Veterans, Lawmakers Push to Overturn Transgender Service Ban

Last week, the U.S. House of Representatives passed an amendment to reverse President Donald Trump’s policy banning most transgender people from serving in the military. Prior to the ban, which took effect in April, transgender service members had openly served in the military for three years.

All Democrats and 10 Republicans voted in support of what’s been dubbed “The Truman Amendment” – a nod to former President Harry Truman’s July 26, 1948 executive order that desegregated the military.

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The amendment to the National Defense Authorization Act, which passed 242-187, would allow people to serve in the military regardless of race, color, national origin, religion or sex, including gender identity or sexual orientation.

Retired Col. Jennifer Pritzker, who enlisted as a private in the U.S. Army in 1974, has become an outspoken advocate for transgender service members. She served in both the 82nd and 101st Airborne Divisions on active duty for 8.5 years and then served in the U.S. Army Reserve and the Illinois Army National Guard for another 18.5 years. In her retirement, she came out as transgender.  

“The energy required to keep a secret; the internalized shame and stigma that result from laws and policies singling out one group as lesser; the costs to integrity that result from being forced to lie about who you are and all of this adds to high levels of minority stress which has very negative psychological consequences,” Pritzker told an audience at the Military Psychology Research Symposium hosted by Adler University and the American Psychological Association, where she was the keynote speaker on “Gender, Science, and Service: The Price of Bias in the Armed Forces.”

“The message that the transgender ban sends to [14,700 active duty and] 134,000 transgender veterans about their honorable service and the impact of this message has on the 1.4 million transgender adults in our country and on vulnerable transgender and gender nonconforming young people who are all being told, ‘We don’t value your service. We don’t want your kind here. You are a threat to all that’s good in our country.’”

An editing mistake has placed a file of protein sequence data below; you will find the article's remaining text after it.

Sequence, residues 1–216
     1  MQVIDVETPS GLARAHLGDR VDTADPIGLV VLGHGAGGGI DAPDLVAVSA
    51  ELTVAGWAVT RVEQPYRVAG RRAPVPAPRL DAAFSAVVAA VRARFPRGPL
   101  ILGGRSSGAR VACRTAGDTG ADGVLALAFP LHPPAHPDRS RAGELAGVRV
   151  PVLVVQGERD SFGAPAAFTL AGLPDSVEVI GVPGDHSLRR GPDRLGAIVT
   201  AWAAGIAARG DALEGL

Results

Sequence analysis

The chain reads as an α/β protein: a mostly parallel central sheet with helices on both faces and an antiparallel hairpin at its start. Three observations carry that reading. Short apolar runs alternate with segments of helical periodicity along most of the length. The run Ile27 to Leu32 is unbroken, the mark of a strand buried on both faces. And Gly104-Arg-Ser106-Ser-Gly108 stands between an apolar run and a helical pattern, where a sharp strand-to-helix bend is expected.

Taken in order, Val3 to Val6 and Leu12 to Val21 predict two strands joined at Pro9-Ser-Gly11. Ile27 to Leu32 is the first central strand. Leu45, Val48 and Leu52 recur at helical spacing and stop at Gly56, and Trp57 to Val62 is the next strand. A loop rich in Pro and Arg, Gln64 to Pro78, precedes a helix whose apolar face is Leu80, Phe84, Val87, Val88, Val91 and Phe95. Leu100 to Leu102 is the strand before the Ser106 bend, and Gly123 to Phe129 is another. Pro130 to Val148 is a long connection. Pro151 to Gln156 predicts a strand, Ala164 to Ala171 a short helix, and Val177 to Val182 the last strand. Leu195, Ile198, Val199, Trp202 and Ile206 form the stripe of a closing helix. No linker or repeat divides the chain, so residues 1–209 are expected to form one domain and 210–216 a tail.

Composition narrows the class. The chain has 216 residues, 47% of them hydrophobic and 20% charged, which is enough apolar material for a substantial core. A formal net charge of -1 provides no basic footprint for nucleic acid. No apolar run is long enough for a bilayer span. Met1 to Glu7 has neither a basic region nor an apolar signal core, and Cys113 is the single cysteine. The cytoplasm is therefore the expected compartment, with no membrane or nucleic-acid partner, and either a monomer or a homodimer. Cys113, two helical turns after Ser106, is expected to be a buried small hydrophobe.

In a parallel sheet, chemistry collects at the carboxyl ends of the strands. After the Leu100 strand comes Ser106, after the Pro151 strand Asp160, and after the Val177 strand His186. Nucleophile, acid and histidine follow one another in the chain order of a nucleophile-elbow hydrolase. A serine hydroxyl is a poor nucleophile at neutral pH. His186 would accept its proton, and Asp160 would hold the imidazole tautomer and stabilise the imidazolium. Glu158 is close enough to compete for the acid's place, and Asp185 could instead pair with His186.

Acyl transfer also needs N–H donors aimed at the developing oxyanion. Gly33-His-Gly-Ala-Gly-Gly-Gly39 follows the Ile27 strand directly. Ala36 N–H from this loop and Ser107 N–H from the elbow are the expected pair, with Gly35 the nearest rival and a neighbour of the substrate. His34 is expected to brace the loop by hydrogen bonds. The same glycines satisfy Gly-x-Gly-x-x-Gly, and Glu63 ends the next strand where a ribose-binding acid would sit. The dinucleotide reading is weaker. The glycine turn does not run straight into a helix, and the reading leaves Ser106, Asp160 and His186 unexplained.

Pritzker founded the Pritzker Military Museum & Library in 2003. She is the first cousin of Illinois Gov. J.B. Pritzker.

“No one should be summarily disqualified for reasons that have nothing to do with their ability,” Pritzker said. ”No one benefits from forcing LGBTQ troops back into the closet.”

Pritzker joins us in discussion, along with Joseph Troiani of Adler University, who helped establish its military psychology program. He is a retired U.S. Navy commander who served in naval intelligence and retired in 2010. His daughter is a transgender woman.

Related stories:

Jennifer Pritzker: GOP’s Policies ‘Marginalize Me Out of Existence’

Transgender Veteran on Trump’s Tweet Announcing Military Ban

CTA Bus Driver Steers Changes for LGBTQ Community

Transgender Prisoner Moved to Illinois Women’s Prison After Alleged Abuse

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